Once a participant completes their treatment program, their case is dismissed and sealed, according to the Law Journal. A new program run by the Bronx Criminal Court in New York City is hoping to prioritize recovery for people charged with low-level, non-violent offenses. The Bronx’s Overdose Avoidance and Recovery (OAR) program is just over two months old, but has so far helped 50 defendants access treatment in lieu of jail, according to the New York Law Journal.
The concept of “sex, drugs, and rock and roll” has saturated the music industry since it’s start. What starts as experimentation oftentimes evolves into a serious issue with devastating consequences. A major shift in the music industry has contributed to a massive promotion of substance abuse, to the point that it leans towards making it acceptable to live in active addiction. The drug use is actually viewed as an asset or a marketing tool, which almost makes it mandatory to merge it into the lyrical content. As stated in several media outlets, drug overdoses are the leading cause of death among Americans under 50.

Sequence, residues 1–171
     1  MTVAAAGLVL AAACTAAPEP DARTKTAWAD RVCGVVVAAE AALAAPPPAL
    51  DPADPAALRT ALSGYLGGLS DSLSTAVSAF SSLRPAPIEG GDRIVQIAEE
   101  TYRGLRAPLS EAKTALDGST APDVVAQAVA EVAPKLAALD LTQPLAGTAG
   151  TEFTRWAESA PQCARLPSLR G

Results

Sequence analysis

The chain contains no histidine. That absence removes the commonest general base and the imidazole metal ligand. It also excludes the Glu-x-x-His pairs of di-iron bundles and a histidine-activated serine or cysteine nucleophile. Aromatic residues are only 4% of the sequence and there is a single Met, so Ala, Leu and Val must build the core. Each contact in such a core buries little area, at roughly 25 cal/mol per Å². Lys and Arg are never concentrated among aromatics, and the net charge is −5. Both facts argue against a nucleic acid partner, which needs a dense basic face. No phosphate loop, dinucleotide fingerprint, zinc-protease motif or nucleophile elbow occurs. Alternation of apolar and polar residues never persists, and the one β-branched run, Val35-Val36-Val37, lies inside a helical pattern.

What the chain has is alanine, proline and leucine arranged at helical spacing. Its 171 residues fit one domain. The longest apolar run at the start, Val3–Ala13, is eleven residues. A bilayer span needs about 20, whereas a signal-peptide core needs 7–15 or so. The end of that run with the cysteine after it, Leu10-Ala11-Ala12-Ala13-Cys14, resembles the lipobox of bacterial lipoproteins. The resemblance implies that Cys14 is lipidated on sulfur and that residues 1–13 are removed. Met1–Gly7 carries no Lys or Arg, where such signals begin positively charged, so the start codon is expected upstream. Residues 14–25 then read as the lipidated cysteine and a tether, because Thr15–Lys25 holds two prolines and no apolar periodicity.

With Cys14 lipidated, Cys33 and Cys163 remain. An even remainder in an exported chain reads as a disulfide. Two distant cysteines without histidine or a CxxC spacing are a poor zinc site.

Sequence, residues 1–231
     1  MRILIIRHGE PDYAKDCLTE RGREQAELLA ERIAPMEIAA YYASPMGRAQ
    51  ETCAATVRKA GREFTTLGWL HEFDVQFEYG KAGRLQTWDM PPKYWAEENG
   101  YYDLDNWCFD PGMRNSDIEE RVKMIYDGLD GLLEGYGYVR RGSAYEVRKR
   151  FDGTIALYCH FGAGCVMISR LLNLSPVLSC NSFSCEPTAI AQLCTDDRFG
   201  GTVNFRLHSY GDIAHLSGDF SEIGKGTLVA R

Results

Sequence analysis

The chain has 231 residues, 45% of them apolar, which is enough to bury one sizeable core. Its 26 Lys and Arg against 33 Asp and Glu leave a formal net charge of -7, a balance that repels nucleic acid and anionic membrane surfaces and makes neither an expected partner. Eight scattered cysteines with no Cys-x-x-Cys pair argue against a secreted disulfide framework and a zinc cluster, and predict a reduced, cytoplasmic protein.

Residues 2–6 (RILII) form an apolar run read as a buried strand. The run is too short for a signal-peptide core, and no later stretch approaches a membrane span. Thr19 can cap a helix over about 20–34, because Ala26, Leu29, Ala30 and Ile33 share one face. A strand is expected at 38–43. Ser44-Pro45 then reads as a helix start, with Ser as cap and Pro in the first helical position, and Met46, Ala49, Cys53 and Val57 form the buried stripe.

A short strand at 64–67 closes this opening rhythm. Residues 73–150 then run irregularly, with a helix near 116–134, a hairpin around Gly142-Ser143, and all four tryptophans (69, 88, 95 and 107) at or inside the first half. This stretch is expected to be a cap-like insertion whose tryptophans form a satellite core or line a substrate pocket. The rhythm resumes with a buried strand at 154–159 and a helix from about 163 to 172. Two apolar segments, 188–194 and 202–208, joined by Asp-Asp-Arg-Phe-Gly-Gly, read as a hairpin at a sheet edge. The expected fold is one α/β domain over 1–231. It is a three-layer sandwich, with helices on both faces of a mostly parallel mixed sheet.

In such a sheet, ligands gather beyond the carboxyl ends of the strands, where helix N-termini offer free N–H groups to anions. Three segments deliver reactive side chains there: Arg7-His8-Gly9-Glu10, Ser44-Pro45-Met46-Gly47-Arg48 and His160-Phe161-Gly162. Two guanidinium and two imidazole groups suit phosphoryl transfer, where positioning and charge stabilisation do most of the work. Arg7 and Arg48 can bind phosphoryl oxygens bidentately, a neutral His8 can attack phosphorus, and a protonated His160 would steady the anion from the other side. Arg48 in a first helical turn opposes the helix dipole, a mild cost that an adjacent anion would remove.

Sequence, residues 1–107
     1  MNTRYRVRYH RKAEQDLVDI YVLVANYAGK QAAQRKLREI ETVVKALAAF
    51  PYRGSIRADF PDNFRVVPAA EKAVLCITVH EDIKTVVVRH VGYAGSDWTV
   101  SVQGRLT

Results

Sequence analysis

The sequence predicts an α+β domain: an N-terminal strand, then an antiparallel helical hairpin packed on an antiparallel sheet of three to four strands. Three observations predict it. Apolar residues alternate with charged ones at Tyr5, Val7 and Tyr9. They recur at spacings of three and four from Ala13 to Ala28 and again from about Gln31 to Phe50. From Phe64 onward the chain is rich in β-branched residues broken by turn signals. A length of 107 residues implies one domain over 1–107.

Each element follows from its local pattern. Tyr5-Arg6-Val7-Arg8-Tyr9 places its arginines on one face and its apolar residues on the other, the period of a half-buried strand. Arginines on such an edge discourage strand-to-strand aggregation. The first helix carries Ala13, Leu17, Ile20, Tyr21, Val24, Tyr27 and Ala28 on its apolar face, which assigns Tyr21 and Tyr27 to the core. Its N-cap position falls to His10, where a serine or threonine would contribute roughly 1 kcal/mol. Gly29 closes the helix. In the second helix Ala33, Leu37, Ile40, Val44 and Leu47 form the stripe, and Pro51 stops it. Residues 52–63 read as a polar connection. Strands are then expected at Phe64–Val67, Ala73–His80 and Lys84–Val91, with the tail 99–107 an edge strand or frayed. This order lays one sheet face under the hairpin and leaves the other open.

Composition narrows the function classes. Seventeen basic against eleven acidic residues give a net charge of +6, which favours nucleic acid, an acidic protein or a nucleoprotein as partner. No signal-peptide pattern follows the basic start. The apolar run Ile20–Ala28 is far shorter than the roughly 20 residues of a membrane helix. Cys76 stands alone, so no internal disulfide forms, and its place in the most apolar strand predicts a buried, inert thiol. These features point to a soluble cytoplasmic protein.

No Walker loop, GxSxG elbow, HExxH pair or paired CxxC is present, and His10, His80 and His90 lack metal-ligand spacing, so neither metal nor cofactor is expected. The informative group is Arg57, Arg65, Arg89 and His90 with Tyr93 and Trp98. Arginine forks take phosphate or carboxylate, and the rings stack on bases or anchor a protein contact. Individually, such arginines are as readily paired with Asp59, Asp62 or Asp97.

Missing in the media coverage of the unrelenting legions of drug overdose deaths in the United States is an equally important but less heralded story. What subsequently happens to people who experience a drug overdose but are successfully rescued through emergency medical intervention? What is their fate after they leave the hospital or other emergency care setting? New grassroots recovery community organizations (RCOs) are collaborating with first responders and hospitals to influence such outcomes.